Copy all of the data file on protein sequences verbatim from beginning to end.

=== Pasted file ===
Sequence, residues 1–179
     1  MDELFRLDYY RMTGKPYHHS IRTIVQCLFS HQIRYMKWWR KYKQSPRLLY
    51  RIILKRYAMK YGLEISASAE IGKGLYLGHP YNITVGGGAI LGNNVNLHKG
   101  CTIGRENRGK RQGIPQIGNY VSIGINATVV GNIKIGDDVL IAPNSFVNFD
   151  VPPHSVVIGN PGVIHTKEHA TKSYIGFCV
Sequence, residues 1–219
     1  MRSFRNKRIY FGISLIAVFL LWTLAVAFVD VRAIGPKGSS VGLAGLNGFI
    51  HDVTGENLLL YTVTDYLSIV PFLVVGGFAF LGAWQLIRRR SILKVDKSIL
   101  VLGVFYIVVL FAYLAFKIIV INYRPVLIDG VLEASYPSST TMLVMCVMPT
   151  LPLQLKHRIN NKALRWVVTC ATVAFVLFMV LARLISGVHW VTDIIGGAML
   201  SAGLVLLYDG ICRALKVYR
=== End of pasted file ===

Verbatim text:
Sequence, residues 1–179
     1  MDELFRLDYY RMTGKPYHHS IRTIVQCLFS HQIRYMKWWR KYKQSPRLLY
    51  RIILKRYAMK YGLEISASAE IGKGLYLGHP YNITVGGGAI LGNNVNLHKG
   101  CTIGRENRGK RQGIPQIGNY VSIGINATVV GNIKIGDDVL IAPNSFVNFD
   151  VPPHSVVIGN PGVIHTKEHA TKSYIGFCV
Sequence, residues 1–219
     1  MRSFRNKRIY FGISLIAVFL LWTLAVAFVD VRAIGPKGSS VGLAGLNGFI
    51  HDVTGENLLL YTVTDYLSIV PFLVVGGFAF LGAWQLIRRR SILKVDKSIL
   101  VLGVFYIVVL FAYLAFKIIV INYRPVLIDG VLEASYPSST TMLVMCVMPT
   151  LPLQLKHRIN NKALRWVVTC ATVAFVLFMV LARLISGVHW VTDIIGGAML
   201  SAGLVLLYDG ICRALKVYR